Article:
“The problem is the system. We need more big parties that are capable of making important decisions, and the way that we'll do it again is based on small parties and everyone fighting for his own chair,” she said. “I think that's why the young generation has lost hope.”
Avi Shai, 35, financial adviser also from Tel Aviv, said he hoped Netanyahu would develop better relations with the United States and move to the left.
“I don't see any resolution coming because it's a different situation we're in," he said. "A lot of things can happen in the near and far future. Everything is liquid here in the Middle East. It doesn't matter which prime minister is elected -- a lot of things can happen."
“I hope that Prime Minister Netanyahu would be more in the left wing and would have better agreement with Obama, which is not the case right now,” he added.
Palestinians living in Israel expressed a similar lack of hope, but in much stronger terms.
Hana Hurani, 34, an engineer from Eilaboun in the north and an activist in the National Democratic Assembly, said Israel’s politics were headed toward “fascism and racism.”
“We, the Arabs, should stress our national identity and our unity as Arabs. Election day is a day on which Arabs try to represent themselves, and after that we go back to a racist reality,” he said.
“On the Palestinian issue, I expect there to be a stalemate and as there will be more settlement expansion, we will witness the final burial of the two-state solution on which there is an international consensus,” he added.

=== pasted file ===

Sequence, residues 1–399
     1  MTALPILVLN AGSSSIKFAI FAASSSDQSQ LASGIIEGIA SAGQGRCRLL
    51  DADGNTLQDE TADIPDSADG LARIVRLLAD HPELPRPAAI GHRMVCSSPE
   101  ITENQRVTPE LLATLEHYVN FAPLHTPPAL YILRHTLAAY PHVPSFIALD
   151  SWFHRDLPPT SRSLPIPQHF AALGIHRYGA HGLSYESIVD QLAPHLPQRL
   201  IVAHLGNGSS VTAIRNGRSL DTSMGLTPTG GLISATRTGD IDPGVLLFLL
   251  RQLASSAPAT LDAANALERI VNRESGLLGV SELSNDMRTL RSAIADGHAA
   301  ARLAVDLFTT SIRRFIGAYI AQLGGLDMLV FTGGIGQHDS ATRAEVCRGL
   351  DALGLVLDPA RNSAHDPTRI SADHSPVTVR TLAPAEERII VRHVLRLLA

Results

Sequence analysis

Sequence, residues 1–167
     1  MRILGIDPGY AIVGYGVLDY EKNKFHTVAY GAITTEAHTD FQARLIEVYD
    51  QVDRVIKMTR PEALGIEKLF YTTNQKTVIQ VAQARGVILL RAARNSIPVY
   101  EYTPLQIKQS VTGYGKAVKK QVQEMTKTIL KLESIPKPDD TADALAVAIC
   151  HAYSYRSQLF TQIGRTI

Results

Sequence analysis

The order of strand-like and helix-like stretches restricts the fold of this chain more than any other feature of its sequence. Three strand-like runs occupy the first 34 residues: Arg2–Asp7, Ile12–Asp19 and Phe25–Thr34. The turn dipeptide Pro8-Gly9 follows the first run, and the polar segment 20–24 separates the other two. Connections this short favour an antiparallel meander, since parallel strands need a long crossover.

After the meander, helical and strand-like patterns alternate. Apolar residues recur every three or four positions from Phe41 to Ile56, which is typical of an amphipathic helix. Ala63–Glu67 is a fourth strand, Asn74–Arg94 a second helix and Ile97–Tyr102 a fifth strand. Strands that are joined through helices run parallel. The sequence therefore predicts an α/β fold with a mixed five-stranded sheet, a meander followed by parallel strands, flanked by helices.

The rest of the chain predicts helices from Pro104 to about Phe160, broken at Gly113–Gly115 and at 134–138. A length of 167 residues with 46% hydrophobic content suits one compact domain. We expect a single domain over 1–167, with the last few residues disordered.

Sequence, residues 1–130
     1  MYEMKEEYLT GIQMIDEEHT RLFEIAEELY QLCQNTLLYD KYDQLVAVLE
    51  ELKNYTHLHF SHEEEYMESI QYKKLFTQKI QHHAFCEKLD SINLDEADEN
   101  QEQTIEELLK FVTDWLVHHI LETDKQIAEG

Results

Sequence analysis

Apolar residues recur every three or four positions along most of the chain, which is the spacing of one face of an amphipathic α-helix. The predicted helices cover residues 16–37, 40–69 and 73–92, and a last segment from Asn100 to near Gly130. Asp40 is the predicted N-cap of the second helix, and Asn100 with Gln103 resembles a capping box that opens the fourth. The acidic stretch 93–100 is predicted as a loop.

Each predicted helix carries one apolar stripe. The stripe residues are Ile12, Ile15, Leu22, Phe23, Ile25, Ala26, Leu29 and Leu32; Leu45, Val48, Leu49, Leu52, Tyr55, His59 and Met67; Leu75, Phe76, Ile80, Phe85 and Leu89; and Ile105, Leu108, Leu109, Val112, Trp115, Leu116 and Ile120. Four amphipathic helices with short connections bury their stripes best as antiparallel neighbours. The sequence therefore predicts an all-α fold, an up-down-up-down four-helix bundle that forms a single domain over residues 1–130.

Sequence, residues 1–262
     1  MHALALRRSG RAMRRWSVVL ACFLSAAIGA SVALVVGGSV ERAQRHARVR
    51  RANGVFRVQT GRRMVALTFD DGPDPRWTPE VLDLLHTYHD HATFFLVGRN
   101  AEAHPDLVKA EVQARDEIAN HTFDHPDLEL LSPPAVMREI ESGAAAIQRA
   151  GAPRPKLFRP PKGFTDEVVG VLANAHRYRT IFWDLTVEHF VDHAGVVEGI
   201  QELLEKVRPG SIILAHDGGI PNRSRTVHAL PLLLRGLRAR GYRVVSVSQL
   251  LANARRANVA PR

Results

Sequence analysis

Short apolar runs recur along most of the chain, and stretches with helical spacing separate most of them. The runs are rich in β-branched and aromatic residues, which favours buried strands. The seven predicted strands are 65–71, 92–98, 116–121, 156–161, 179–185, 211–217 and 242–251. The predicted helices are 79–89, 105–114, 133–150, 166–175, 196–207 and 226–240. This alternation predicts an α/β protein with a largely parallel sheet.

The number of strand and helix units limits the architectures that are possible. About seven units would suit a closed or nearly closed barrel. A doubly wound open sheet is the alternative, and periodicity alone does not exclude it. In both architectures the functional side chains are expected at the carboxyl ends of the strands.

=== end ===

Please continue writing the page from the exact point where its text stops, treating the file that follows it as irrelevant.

'Indifference is fatal'
Hurani said Israeli Arabs should “be more active” politically: “Indifference is fatal. … Unfortunately, ignorance and abstention from voting is one of our enemies."
Nijmeh Ali, 30, a political science Ph.D. candidate at the Hebrew University and a lecturer at Al Quds University in Jerusalem, said it was clear from opinion polls that the next government would be right-wing.
“The Palestinian street is boiling, and it will explode at one point against the existing occupation,” he said.
“There is racism and discrimination against the Arabs in Israel, and this will not change since we are a defect in the Zionist project, whether we demand our social or political rights. The legitimization of racism will increase,” he added.
Mustafa Barghuti, 55, a member of the Palestinian National initiative in Ramallah on the West Bank, said most Israelis were voting for Jewish settlements and an “apartheid system at the expense of peace and a two-state solution.”
“It looks like there is no peace camp in Israel,” he added.
Fawzi Barhum, a spokesman for the Hamas movement in Gaza, said he expected that Israel would elect the “most extreme and racist government to lead Israel.”
Reuters contributed to this report.
Related content:
Avast! Israel's Pirate Party angles for 2 percent of electoral booty
Charismatic ex-commando pressures Netanyahu from the right as Israel prepares to vote

Anger, violent thoughts: Are you too sick to own a gun?

Mike Groll / AP
New York Gov. Andrew Cuomo signs New York's Secure Ammunition and Firearms Enforcement Act into law.
If there’s one thing Republicans and Democrats can agree on, it’s that mentally ill people should not have access to firearms.

But as lawmakers rush to restrict that access in the wake of recent mass shootings, mental health experts warn of unintended consequences: from gun owners avoiding mental health treatment to therapists feeling compelled to report every patient who expresses a violent thought.